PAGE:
Wael Al Awar, architect and UAE’s co-curator at the Biennale Architettura 2021, looks to the UAE’s natural landscapes and the region’s past to build a sustainable cement that absorbs CO2 instead of emitting it. This research will be shared with the global community at the National Pavilion of the UAE in the upcoming International Exhibitions of Art and Architecture in Venice
As we approach Earth Hour, on 27 March 2021, we shine the spotlight on the UAE’s Agents of Change – real people who are taking action to address climate change and nature loss.
We spoke to Wael over Zoom about the problem with traditional cement, how the UAE’s sabkhas (salt flats) inspired a better solution and how we might one day see buildings as part of nature.
Emirates Nature-WWF: Why is cement so bad for the environment?
Wael Al Awar: Portland cement is a terrible material. It has a 1 to 1 ratio of emission to production: to produce one tonne of cement, you emit one tonne of carbon dioxide (CO2).
One tonne of cement is nothing. This is how much it takes to build a wall in a room. But it takes 40 years for one tree to absorb one tonne of CO2.
Today, Portland cement is responsible for 8% of global CO2 emissions. By 2050, our consumption is projected to double.
The way we currently occupy the planet and use its resources is extremely unsustainable. We need to rethink the way we do things.
Emirates Nature-WWF: How does your project speak up for nature?
Wael: As a practicing architect, I have a responsibility to acknowledge the problem and work towards the solution – a sustainable cement – as quickly as possible.
To find minerals that are sustainable, we looked into our geography and landscapes. We were fascinated by the sabkhas of the UAE – our salt flats.
Image: National Pavilion UAE La Biennale di Venezia, photography by Dina Khatib
UAE is home to wide expanses of coastal and inland sabkhas that have developed over thousands of years. There is a perception of them being a barren environment, but this is not true. We know they absorb CO2, and they are a living environment that supports micro algae. They are tentatively listed as a UNESCO World Heritage Site, and should be seen as an asset or a resource.
Salt flats create crystals, similar to how cement binds salt and gravel through crystals. In our research we found many cities that are built from sabkha blocks, like the 800 year old town Siwa, on the border of Libya and Egypt.
When the modern age took over, the planet became unhealthy. The idea is to learn from our ancestors.
We propose extracting magnesium oxide (MgO), which is a salt, and using it to create a new cement mix. We will not extract this salt from the sabkhas which we want to protect, but from brine, the waste water that is created by industrial desalination.
In this way, we address another huge issue affecting our planet.
We need to desalinate water to live. But we want to keep the waste water out of the seas. The excess salt is bad for the corals, bad for biodiversity and reduces the ability of the sea to absorb CO2 and act as a carbon sink. In fact, with so much added salt, the seas begin to store more energy and increase temperatures. It’s a very bad thing.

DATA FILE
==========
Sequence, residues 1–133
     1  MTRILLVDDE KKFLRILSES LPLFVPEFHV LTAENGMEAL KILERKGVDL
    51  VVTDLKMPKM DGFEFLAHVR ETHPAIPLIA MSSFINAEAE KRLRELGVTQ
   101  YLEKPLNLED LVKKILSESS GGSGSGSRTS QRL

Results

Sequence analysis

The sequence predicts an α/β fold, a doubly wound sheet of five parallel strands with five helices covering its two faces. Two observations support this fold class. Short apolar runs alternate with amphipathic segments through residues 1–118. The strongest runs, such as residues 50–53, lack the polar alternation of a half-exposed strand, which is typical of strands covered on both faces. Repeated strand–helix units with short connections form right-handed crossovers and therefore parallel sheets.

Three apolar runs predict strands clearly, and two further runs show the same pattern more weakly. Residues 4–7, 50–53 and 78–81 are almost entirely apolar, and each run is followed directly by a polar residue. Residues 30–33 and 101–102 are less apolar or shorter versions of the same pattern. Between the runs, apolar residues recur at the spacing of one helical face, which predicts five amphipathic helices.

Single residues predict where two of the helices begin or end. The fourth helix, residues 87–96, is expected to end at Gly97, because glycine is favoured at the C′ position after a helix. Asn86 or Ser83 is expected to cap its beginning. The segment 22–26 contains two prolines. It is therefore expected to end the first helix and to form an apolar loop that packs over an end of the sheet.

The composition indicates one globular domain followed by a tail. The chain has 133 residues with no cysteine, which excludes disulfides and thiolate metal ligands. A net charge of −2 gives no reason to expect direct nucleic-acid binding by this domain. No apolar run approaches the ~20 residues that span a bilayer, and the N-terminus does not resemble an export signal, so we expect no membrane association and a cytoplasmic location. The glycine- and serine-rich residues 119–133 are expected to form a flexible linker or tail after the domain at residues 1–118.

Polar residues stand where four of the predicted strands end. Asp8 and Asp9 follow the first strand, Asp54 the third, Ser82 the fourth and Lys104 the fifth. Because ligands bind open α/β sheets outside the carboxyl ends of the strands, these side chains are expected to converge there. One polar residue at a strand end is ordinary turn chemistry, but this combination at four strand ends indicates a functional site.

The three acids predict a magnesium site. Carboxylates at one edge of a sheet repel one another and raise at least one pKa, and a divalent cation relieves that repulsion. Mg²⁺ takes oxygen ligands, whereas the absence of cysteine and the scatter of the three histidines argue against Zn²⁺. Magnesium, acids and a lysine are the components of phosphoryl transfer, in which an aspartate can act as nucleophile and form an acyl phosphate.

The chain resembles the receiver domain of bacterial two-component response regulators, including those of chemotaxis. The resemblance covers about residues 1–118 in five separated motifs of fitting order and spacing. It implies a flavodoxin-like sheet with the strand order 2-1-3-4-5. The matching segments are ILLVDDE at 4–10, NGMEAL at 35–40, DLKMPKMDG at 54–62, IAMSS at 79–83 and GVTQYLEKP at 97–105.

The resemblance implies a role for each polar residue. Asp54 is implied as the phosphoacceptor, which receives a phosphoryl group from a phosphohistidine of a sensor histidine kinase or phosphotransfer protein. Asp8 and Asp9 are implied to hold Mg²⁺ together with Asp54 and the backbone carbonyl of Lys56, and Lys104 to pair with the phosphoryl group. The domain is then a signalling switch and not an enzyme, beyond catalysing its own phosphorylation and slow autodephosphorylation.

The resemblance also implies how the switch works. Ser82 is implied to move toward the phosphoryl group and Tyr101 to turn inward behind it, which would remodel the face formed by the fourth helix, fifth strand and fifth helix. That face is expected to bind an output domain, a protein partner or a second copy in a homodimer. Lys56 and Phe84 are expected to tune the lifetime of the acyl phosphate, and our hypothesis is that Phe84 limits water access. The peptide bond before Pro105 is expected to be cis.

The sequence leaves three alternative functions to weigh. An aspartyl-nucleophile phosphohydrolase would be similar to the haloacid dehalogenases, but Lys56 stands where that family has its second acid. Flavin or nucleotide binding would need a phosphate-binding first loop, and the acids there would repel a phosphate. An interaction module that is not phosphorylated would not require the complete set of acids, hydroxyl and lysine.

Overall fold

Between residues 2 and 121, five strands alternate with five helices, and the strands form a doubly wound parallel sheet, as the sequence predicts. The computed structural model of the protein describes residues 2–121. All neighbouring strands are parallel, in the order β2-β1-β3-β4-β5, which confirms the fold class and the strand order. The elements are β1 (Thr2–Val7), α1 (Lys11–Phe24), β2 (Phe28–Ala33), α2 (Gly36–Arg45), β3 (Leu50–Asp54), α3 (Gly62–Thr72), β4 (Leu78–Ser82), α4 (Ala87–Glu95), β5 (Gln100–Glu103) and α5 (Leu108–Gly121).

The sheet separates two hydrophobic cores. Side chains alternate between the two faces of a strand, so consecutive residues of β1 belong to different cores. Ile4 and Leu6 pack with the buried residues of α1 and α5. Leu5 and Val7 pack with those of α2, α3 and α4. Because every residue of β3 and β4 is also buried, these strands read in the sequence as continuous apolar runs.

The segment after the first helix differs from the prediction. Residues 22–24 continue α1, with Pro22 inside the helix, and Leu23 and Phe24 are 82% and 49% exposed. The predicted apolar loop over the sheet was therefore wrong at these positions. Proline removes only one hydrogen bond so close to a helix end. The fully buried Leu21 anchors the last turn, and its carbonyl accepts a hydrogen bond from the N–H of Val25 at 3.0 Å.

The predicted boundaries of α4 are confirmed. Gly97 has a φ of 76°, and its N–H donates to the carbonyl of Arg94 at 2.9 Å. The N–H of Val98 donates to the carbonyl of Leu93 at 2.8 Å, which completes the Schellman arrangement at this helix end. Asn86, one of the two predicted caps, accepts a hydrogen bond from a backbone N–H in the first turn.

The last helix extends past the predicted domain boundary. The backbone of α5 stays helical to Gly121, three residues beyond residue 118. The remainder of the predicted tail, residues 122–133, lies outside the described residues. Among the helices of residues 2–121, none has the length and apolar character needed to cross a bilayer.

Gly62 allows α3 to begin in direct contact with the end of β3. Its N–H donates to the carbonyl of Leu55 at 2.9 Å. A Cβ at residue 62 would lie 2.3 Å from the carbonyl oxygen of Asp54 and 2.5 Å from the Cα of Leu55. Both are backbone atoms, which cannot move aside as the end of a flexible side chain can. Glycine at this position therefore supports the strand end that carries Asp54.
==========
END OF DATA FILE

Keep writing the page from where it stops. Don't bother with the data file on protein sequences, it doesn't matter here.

By using salt from brine in the new, sabkha-inspired cement mix, we help save our seas and our climate.
Wetland Lab at Alserkal Avenue, which is open to visitors. Image: National Pavilion UAE La Biennale di Venezia and waiwai. Photography by Sahil Abdul Latheef
Emirates Nature-WWF: You talk about protecting the UAE’s sabkhas. Why is this so important?
Wael: One square meter of sabkha can absorb more carbon than one square meter of rainforest. That’s how important sabkhas are to the UAE.
The sabkhas are the lungs of the country. They purify our air. We need to protect them and see them as a valuable resource.
I started this research with an Instagram search to find photos of sabkhas. I did a hashtag search for sabkha in Arabic, but only saw 4x4s in the desert. An English search shows scientists looking at the geography and the landscape.
It made me realise how little we know about this valuable asset. So, we started hashtagging sabkha in Arabic and talking to schools and universities about this. Now, when you search sabkha in Arabic, you will see we’ve started to change the perception.
Emirates Nature-WWF: How far have you come in achieving sabkha cement?
Wael: This research is the National Pavilion of the UAE’s submission to the architecture exhibition at the Venice Biennale, which now takes places in May 2021.
We’ve worked on this project for one and a half years. The material is already ready.
We are building prototypes with the support of NYU Abu Dhabi, the American University of Sharjah and the University of Tokyo.
Emirates Nature-WWF: How durable is the material? Can the future Burj Khalifa be made of sabkha cement?
Wael: Yes of course, that’s why we are working with scientists in laboratories.
We have scientific support for this material. Structural tests have shown it is already 100% equivalent to Portland cement.
It is now about scaling up to achieve cost efficiency, so that we can introduce it to the market. Naturally, this needs years to become the perfect material to go.
Emirates Nature-WWF: What is your ultimate vision?
Wael: Our vision is to replace Portland cement.
With sabkha cement, every building becomes a living structure that absorbs CO2 from the environment. Our architecture becomes like trees, a part of nature.
Emirates Nature-WWF: What would you say to someone who wants to make a difference this Earth Hour?
Think of yourself as a human that is part of nature and not above nature.
We reached this point because we thought we were above it all, that we could do whatever we want. We can only grow if we coexist with nature. That’s the only way.
Visit the Wetland research lab at Alserkal Avenue to see samples of sabkhas, images and material experiments.